This seems a shockingly small figure for the government of Britain, in a democratic society, to be advocating and investing in over renewable energies. If these statistics were freely available and published to the general public, I am sure the majority of people who originally agreed with it might change their minds and realise that the risk really isn’t worth the payoff of cost, terrorist target possibilities, toxic waste for generations to come to deal with, possibility of a repeat of Hiroshima and the sapping of the publics money away from investment in renewable technologies. I find the best argument against nuclear energy is that fact that it’s unnessecary; why put people and future populations at risk, costing millions, when it needn’t be done, at the moment we do have viable alternatives,so until the day comes when we have no other choice I will not support nuclear. CAT’s Zero Carbon Britain puts the argument against Nuclear vrey succinctly:
“It is an ongoing, openended liability.”
Germany currently has more than 18,000 wind turbines, and the country has plans to build more wind turbines. The wind energy association predicts that by 2020 about 25,000 wind turbines will be installed, producing 30 per cent of the country’s electricity. Billions of euros will be, and have been, spent by the government strengthening the renewable sector.
The only problem–a big one–is that wind energy is very expensive. Extracting one kilowatt/hour of energy from the wind costs four times as much as using fossil fuels.
So the political decision to develop renewable energy, taken by the previous government and reaffirmed by the present one, led by Angela Merkel, can only be carried out if aid is available in the form of tax breaks for firms producing wind energy, low-interest bank loans, subsidies from the state and from provincial governments and favourable legislation.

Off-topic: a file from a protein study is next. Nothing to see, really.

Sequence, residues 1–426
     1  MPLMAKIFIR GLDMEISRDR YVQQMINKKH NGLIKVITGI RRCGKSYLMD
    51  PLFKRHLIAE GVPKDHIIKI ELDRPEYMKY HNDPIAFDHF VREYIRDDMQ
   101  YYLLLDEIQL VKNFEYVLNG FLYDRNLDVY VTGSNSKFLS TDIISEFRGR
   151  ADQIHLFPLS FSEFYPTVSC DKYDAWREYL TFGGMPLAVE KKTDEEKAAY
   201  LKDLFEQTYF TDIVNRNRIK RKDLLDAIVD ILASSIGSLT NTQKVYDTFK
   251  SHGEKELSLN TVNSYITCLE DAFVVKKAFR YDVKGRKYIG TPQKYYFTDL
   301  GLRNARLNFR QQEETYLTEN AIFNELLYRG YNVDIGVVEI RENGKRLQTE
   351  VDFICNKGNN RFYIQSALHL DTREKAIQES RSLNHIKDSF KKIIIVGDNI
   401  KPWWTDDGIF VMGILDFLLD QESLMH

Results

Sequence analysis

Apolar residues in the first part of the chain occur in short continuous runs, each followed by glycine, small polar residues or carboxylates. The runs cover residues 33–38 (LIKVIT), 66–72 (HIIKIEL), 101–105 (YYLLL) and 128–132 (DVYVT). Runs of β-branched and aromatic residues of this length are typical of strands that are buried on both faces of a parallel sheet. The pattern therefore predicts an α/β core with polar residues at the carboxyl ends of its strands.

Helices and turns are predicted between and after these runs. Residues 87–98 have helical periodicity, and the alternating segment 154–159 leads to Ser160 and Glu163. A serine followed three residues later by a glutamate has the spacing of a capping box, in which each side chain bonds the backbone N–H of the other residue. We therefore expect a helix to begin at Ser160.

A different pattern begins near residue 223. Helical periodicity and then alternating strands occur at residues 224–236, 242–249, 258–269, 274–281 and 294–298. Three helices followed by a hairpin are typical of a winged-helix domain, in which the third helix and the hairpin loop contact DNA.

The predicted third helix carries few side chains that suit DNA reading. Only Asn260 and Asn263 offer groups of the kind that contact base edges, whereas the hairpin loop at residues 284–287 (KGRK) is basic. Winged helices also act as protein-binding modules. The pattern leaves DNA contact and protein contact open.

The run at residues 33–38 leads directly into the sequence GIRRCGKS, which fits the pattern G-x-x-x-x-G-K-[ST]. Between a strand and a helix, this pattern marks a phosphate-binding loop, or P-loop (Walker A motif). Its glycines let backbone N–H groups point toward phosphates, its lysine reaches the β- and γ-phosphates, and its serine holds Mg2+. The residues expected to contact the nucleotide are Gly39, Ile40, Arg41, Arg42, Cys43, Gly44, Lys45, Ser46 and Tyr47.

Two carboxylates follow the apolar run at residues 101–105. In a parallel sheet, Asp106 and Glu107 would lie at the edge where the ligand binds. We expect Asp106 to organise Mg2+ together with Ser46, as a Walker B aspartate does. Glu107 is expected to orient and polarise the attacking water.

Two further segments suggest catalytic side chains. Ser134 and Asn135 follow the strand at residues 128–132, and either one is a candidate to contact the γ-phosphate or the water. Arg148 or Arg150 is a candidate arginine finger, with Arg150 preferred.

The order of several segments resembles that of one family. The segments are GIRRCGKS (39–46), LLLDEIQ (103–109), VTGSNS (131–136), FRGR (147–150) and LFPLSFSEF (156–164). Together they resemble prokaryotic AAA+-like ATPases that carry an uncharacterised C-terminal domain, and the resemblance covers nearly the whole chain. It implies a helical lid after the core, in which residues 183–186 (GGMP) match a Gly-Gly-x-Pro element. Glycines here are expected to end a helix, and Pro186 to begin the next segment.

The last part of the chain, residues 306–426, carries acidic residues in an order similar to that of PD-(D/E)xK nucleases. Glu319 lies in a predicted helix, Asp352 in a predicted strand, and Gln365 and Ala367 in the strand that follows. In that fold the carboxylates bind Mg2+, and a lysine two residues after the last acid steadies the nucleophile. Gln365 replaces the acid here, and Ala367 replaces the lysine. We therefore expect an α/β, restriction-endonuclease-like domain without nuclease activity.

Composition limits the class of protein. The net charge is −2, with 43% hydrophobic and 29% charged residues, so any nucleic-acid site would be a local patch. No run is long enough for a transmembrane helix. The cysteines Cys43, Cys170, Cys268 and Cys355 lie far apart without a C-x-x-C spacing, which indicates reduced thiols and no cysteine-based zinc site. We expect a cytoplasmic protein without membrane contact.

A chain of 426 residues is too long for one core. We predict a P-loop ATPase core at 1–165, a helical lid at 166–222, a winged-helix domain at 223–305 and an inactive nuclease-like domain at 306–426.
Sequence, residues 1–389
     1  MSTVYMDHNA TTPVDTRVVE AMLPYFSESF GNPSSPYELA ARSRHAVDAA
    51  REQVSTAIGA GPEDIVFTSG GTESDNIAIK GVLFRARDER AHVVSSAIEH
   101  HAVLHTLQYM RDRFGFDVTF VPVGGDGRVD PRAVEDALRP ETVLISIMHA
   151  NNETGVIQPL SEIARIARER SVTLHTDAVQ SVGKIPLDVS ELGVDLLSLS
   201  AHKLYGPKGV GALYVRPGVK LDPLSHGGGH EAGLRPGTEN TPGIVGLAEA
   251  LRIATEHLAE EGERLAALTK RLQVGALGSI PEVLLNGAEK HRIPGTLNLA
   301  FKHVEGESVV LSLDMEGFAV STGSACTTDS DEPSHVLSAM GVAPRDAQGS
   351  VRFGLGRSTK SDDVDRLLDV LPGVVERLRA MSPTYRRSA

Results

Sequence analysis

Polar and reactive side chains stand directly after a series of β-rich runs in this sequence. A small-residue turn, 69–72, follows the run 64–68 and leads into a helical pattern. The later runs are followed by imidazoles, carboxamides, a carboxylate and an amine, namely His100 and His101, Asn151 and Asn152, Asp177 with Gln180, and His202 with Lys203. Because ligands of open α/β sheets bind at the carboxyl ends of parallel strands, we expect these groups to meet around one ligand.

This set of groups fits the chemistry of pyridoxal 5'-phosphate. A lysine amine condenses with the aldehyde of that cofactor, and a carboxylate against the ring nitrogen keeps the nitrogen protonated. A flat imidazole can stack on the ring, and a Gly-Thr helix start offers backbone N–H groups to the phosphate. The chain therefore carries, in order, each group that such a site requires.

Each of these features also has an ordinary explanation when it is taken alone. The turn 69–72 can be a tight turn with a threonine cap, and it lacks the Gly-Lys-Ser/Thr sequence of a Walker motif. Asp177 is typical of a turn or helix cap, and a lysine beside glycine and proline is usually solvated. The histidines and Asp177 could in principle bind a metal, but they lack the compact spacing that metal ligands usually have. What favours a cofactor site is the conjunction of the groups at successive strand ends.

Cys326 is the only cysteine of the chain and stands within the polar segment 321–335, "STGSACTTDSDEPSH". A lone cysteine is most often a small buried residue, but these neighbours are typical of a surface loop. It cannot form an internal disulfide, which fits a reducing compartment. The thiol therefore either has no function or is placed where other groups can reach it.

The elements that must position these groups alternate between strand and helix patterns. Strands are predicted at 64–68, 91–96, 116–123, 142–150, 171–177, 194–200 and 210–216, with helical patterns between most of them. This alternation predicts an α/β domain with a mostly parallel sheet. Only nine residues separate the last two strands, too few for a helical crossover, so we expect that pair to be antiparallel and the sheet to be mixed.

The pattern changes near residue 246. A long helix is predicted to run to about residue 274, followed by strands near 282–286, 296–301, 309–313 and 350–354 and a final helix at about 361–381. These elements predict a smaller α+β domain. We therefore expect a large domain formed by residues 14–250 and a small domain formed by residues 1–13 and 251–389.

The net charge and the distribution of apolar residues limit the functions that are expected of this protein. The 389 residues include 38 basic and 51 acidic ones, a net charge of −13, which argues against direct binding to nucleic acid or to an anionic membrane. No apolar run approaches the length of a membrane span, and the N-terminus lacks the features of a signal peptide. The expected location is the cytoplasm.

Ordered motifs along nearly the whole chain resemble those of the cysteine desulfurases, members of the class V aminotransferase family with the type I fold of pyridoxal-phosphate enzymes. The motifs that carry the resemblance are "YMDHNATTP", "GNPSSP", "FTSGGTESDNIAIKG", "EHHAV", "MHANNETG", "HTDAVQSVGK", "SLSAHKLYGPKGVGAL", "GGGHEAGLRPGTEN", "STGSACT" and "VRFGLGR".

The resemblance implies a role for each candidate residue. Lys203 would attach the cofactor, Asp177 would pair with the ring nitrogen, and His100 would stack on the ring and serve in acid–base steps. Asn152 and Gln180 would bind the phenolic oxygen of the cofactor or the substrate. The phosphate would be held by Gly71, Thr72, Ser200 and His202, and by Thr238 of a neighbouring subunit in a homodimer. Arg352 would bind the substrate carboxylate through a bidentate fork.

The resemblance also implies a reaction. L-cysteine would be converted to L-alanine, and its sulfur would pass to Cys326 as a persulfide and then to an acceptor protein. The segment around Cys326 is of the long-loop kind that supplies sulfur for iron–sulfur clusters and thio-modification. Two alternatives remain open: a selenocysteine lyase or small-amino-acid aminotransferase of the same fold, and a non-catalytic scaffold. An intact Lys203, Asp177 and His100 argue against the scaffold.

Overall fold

The 1991 “integration law”, which is the key to the present system, obliges the electricity distributors to buy wind energy at guaranteed prices (90 per cent of the price paid by consumers), and this enables the wind farmers to make a profit.
Germany had a turnover of 11.3 billion euros from the erection of plants and 10.3 billion euros from the operation of the plants, in 2006! Roughly 214,000 people are now employed in the renewable energy sector and may have managed to prevent some 101 million tons of carbon dioxide from being released into the atmosphere in 2006. This is an impressive start to their plans which look set to be on track for 2020 and beyond.
Of Course, it is slightly unfair to compare a country with its own government which can implement changes as it pleases to Wales, whose main laws are decided in Parliament in London and who have to implement the same laws as England, Germany is also more than twice the size of Wales.
However, as I pointed out at the beginning, Wales has a long history of environmentalists and vast amounts of nature! Its size should act as an aid as there are less people to convince, less cities and hopefully more people who love the land enough to save it.
In conclusion a lack of central government thinking and action should not put Wales off Renewable energy, and indeed offers the Welsh assembly a real opportunity to ‘out do’ Westminster and drive the changes that are required in Wales.
This brief comparison has shown that Wales’ Government could learn a lot from the attitude of Angela Merkel.